Art 21 correctly recognizes the important role consolidation can have in helping maintain media that may otherwise be economically unsustainable (Art 21.2.c.) and puts in safeguards to ensure this is taken into account in any impact assessment on media pluralism. Nevertheless, in IPI’s view, requirements on competition authorities to better scrutinize mergers and takeovers in the media sector with respect to their impact on pluralism is important for at least two reasons: first because excessive concentration can harm the public’s interest in a diverse and pluralistic news landscape; and second because the consolidation of media in the hands of oligarchs dependent on close economic relations with the state is a hallmark of media capture and requires countermeasures to protect the existence of an independent press.

The EBMS, assisted by the European Commission, should issue guidelines on public interest tests of media mergers (Art 21.3) with the input of civil society actors.

Article 17: Content of media service providers on very large online platforms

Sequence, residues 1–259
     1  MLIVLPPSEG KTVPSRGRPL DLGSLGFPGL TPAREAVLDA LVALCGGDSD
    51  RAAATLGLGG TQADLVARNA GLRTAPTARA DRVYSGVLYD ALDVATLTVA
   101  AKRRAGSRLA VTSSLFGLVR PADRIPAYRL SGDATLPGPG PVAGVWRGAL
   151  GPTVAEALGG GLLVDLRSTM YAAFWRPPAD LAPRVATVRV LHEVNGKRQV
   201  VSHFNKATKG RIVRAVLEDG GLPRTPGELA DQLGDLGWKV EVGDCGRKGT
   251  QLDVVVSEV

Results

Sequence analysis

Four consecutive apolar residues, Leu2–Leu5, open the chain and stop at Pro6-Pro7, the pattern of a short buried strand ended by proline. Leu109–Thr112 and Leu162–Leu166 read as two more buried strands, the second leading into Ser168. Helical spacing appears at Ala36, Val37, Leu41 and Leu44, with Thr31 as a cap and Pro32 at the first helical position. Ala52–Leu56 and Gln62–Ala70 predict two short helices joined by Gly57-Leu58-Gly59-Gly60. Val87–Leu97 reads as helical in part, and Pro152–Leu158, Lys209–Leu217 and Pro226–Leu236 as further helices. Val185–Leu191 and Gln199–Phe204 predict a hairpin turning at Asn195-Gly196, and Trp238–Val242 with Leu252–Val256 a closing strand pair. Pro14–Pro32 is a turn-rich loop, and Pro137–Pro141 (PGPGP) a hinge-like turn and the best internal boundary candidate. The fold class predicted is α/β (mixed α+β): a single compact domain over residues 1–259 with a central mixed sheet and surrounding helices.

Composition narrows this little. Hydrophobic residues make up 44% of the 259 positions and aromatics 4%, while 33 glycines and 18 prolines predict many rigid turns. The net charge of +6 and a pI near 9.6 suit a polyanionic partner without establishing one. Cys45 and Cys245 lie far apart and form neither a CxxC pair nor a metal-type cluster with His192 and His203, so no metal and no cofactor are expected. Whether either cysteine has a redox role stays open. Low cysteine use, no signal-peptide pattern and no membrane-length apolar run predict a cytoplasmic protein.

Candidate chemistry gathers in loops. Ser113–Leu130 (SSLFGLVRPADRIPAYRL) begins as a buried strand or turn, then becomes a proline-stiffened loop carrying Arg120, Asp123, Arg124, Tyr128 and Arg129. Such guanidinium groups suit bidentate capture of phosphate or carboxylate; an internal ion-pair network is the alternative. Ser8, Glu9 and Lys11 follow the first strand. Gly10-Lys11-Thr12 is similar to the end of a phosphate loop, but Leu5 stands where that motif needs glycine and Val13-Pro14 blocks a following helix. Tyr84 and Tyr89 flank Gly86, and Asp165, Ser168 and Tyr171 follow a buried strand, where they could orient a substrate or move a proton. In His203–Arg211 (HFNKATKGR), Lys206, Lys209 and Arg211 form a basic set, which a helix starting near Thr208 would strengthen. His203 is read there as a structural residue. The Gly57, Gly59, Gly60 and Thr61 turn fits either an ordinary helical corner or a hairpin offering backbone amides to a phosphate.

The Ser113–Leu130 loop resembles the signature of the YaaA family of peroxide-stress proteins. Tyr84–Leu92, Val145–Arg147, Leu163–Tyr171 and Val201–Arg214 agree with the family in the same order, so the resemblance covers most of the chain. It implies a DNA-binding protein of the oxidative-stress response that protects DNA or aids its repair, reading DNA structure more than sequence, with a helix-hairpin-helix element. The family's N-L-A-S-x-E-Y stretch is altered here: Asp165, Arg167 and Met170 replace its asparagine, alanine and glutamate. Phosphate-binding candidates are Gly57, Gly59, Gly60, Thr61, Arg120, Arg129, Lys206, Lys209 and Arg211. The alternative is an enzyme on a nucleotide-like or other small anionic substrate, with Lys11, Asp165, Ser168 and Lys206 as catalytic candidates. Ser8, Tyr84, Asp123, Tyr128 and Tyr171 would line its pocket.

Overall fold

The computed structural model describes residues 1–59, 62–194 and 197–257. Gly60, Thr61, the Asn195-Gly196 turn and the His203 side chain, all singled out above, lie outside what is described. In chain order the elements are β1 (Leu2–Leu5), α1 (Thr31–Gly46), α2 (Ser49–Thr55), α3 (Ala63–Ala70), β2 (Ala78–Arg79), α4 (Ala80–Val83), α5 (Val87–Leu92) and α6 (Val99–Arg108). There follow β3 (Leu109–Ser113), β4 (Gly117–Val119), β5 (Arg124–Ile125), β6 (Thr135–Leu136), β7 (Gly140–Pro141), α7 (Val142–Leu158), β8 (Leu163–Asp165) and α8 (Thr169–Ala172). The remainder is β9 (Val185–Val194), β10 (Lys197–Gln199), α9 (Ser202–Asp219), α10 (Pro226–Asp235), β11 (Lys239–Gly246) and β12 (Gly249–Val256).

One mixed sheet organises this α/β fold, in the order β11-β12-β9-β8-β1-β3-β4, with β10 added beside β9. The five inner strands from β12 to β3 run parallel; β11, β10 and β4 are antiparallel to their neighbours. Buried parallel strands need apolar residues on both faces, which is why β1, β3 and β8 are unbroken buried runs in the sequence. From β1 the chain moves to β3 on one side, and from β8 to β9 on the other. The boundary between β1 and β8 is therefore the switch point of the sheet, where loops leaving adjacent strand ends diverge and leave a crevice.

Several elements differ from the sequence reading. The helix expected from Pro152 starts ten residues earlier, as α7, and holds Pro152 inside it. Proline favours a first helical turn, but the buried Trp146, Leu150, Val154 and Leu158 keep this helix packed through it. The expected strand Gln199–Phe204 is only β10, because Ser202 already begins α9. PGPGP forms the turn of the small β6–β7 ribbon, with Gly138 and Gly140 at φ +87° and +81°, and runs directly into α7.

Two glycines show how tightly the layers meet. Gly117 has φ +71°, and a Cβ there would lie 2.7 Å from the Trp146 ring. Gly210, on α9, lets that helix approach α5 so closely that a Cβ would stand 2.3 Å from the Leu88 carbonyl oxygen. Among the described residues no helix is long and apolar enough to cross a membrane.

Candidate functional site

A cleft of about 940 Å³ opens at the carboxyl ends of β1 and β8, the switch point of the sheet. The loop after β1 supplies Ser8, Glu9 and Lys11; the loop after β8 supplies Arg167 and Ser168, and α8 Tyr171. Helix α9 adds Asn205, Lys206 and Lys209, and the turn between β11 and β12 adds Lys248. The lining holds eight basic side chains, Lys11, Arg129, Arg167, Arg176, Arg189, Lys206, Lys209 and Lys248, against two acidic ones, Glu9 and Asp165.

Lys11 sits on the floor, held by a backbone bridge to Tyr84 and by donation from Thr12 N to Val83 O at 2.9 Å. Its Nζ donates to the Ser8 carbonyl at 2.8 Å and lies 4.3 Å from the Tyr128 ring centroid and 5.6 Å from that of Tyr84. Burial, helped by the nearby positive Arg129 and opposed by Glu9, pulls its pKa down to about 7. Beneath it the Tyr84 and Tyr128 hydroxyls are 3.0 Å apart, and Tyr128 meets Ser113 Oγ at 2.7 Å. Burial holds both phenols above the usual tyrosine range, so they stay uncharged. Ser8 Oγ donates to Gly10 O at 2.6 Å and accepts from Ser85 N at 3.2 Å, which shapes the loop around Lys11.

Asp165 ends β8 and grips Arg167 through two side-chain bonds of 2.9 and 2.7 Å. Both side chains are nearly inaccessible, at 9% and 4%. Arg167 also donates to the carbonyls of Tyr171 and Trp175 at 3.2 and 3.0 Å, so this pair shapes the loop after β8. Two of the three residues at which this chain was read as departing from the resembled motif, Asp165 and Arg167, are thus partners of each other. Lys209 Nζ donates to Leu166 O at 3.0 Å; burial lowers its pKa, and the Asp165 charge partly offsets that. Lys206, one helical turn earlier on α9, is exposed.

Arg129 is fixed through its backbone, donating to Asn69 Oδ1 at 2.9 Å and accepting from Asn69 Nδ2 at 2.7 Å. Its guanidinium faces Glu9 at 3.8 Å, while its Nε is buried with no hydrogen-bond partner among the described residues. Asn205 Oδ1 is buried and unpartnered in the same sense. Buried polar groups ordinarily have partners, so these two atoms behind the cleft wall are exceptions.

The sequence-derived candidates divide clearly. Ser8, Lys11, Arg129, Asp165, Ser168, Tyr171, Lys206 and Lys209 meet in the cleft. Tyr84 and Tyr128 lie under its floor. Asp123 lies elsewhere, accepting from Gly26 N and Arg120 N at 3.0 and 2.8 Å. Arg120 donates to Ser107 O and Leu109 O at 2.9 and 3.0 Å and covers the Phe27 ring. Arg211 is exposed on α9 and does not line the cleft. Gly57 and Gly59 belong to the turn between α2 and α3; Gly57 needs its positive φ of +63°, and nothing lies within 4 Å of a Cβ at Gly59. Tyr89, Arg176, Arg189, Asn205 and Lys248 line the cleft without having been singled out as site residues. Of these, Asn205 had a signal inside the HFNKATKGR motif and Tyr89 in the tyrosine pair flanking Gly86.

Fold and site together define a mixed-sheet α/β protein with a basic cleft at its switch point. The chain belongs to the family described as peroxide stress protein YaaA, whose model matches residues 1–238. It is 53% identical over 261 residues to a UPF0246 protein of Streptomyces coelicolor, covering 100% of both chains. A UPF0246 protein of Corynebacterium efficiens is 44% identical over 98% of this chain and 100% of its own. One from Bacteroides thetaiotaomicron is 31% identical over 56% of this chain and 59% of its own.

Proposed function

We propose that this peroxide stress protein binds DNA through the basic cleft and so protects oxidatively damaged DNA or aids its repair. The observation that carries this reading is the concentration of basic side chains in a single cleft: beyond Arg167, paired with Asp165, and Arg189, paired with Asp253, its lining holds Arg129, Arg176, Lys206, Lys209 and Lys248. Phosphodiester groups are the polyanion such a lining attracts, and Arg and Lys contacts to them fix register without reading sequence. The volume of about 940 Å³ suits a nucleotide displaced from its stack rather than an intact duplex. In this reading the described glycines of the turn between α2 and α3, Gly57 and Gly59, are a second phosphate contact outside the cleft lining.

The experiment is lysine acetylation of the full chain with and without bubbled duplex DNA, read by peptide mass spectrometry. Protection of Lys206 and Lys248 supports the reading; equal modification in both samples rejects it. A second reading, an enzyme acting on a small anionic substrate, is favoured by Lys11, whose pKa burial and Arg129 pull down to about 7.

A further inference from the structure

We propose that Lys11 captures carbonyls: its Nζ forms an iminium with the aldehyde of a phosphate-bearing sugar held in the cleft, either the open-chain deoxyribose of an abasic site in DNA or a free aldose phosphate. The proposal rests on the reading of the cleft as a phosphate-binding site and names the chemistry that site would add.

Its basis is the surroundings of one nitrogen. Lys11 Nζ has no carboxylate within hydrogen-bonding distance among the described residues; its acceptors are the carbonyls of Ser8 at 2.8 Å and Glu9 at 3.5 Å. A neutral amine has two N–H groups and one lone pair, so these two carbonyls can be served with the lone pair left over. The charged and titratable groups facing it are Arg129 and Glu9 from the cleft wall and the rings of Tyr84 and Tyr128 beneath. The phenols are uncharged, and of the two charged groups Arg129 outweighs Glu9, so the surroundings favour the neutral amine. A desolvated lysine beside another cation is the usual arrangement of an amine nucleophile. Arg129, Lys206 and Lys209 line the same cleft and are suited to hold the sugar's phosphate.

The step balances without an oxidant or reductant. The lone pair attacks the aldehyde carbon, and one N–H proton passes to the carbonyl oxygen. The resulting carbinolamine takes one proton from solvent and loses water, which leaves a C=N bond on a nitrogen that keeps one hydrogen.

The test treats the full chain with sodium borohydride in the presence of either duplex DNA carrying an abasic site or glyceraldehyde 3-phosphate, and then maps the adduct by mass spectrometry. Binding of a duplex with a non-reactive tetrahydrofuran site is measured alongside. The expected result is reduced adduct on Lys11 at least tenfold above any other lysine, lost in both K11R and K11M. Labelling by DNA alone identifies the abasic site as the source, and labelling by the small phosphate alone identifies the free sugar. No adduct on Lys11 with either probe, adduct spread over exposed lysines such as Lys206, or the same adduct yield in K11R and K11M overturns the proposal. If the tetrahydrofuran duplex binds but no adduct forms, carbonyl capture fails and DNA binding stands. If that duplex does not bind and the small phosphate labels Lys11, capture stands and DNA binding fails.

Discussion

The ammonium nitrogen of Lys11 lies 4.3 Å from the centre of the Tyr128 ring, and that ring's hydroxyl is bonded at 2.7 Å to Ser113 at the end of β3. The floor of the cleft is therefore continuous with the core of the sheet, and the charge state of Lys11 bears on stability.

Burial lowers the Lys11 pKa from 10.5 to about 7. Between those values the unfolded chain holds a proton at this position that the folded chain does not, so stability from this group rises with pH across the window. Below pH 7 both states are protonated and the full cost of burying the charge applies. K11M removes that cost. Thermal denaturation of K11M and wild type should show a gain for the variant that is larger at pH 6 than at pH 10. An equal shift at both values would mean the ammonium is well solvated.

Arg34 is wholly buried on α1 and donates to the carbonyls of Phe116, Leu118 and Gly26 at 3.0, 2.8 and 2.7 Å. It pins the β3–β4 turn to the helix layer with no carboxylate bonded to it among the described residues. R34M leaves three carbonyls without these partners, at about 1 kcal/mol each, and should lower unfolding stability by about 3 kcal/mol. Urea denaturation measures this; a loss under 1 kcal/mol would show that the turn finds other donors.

As an organization that represents editors and working journalists, IPI advocates for the protection of journalists against the arbitrary removal of their reporting from social media platforms. Therefore, in general IPI welcomes the intention of Article 17 of the EMFA, which places certain obligations on social media platforms in relation to the removal of content published by media outlets.

There are concerns that disinformation actors posing as media or journalists may take advantage of the self-declaration mechanisms to claim protections under Article 17. The draft law contains some guardrails against this possibility. In principle, we would recommend strengthening these by adding that self-declared media must also fulfil the ownership transparency requirements outlined in Article 6.